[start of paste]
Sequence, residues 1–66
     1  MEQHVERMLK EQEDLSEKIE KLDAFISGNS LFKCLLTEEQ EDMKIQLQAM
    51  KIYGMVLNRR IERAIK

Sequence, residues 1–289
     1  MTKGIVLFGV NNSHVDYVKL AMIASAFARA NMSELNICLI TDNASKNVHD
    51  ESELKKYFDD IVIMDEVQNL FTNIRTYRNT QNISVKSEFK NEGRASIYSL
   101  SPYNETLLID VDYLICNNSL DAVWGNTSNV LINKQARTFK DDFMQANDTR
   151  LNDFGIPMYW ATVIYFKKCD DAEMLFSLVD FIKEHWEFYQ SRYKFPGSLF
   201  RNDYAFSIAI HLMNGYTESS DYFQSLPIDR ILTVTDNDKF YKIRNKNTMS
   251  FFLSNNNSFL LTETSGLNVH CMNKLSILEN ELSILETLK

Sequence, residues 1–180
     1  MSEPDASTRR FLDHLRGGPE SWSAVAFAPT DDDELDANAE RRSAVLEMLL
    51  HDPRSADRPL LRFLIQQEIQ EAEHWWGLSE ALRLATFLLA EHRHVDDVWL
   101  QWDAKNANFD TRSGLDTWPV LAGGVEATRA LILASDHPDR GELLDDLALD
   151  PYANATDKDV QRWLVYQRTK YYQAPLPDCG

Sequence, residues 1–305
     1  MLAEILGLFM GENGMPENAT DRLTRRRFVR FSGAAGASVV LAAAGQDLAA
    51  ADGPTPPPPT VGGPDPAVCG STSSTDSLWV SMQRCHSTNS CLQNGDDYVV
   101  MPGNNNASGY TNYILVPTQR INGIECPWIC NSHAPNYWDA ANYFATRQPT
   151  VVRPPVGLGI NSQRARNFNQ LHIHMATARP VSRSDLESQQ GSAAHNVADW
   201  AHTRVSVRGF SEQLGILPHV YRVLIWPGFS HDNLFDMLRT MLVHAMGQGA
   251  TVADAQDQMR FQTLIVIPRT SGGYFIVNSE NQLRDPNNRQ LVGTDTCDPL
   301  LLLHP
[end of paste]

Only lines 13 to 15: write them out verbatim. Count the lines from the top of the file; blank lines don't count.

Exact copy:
    51  HDPRSADRPL LRFLIQQEIQ EAEHWWGLSE ALRLATFLLA EHRHVDDVWL
   101  QWDAKNANFD TRSGLDTWPV LAGGVEATRA LILASDHPDR GELLDDLALD
   151  PYANATDKDV QRWLVYQRTK YYQAPLPDCG